The first thing that we’re going to do is practice our load sequence.
I want you to imagine throwing against a wall. The wall is your 12 o'clock.
Now turn your feet to where the hour hand would be at 10:30. Both of your feet should be facing towards 10:30. (That’s between the 10 and 11)
Next, rotate your back first, then activate your rhomboids, or give yourself the feeling of pinching your shoulder blades down and back. This gives your hitting arm a bigger range of motion.
So, in order:
- Open thoracic by separating your torso from your hips
- Load your arm by squeezing your shoulder blades down, back and together.
Before we go onto throwing, we have to know there’s a sequence for the arm swing. Keep your hand high and away. From there, with the front part of your elbow facing backwards, your next move is to bring my elbow up, so that the front part of your elbow faces directly up and your hand is back.
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This move takes a lot of external rotation flexibility. To see if you can get your elbow up high enough, face a mirror and see if you can see your hand on both sides of your bicep.
Point your elbow straight up with your hand behind your head. Next, rotate your hitting hand side to side with your elbow still pointing upwards. That takes a lot of external rotation.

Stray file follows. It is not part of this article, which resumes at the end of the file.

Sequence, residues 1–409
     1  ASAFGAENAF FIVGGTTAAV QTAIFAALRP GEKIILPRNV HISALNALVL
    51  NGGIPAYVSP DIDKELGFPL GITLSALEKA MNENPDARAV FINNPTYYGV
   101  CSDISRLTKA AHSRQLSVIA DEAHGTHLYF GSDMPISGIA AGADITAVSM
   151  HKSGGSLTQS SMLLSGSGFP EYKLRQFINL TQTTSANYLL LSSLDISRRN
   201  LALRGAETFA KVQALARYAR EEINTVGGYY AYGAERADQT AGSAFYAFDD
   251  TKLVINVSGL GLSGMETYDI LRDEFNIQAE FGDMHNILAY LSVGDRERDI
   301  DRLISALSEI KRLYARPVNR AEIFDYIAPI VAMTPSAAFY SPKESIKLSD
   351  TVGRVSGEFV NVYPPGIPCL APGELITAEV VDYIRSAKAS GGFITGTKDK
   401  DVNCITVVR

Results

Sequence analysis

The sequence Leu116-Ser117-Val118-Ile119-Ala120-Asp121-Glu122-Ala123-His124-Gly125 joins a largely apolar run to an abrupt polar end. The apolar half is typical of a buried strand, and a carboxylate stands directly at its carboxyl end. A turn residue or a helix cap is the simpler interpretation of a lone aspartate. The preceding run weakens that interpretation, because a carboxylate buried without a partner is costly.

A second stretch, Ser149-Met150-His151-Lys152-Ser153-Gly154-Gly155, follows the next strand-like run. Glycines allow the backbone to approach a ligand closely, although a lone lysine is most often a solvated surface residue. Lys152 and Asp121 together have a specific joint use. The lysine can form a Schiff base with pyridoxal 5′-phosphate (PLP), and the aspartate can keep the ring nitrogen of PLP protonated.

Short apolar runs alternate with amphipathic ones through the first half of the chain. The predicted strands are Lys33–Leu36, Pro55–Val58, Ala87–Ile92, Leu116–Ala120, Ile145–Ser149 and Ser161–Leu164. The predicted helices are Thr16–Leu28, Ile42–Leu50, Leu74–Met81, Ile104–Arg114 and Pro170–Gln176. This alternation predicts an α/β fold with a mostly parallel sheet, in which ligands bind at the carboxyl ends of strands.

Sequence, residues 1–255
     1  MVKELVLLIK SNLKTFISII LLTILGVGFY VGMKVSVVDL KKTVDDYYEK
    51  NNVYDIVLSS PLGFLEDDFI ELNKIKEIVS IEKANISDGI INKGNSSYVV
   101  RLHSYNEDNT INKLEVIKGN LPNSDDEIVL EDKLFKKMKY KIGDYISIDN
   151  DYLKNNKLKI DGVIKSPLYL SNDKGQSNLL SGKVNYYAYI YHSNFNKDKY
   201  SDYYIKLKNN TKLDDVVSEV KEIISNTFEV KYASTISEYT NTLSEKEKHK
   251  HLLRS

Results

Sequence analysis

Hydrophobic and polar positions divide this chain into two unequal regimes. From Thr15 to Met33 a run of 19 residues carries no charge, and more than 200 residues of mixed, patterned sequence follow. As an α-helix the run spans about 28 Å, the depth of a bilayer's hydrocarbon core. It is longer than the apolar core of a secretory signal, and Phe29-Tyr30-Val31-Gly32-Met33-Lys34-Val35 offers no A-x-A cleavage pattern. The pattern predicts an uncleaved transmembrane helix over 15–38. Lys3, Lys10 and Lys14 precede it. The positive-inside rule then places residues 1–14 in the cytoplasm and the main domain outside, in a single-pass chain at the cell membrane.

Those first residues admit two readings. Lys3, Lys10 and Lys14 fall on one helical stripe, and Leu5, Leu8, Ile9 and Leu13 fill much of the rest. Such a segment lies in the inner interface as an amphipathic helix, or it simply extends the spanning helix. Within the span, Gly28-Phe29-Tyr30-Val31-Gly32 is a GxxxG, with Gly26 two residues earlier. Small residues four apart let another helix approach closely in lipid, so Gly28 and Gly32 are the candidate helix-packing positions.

If you can’t get there, fear not, you just need to work on your range of motion.
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So once your back, and the front part of your elbow points up with your hand still behind you, that is when you can start firing the ball to the wall. Now, you need a tennis ball and you need a wall, but there’s five stops here.
This video should start at 7:08. That's where I really talk about the mechanics of spiking a volleyball. The rest of the video has good information but it's not on this topic.
I’m at 10:30, I’m opening my chest, my hips stay locked, my toes stay on the ground, and I open my torso. From there, I open my arm using my rhomboids, using my shoulder blade muscles. From there, the front part of my elbow is pointing backwards, away from the volleyball net. I release from that high elbow point.
In the beginning, I want you to take 10 of them and hit every stop. 10:30, thoracic, shoulder blade, elbow high, then release.
Get that sequence down and let’s get 100 throws today with a tennis ball.
If you want me to take a look at it, I want you to post it and tag me on Instagram @markburik.
Film your arm swing (throw) in slow motion and then tag me.
Use the sequence that starts in the fully loaded, stretched and activated position. Each part of your body should fire individually and as you get better, you can start to connect the movements to be more fluid and soon move on to jumping and spiking a volleyball with more power and speed.
Hit all the stops along the way:
2: Torso with shoulder, elbow and hand still back.
3: Elbow high with hand still back.
4: Elbow and hand are at full extension and your bicep is just barely in front of your ear for spike contact, or tennis ball release.
5: Let your arm relax and follow through but remember not to crunch or shrink your body. We talk about how important it is to stay high in some of our other blogs.
Once you've gotten that arm swing down, it's time to start working on your vision and your accuracy so you can win some more club volleyball tournaments or CBVA beach volleyball tournaments. Check out this easy volleyball hitting drill below.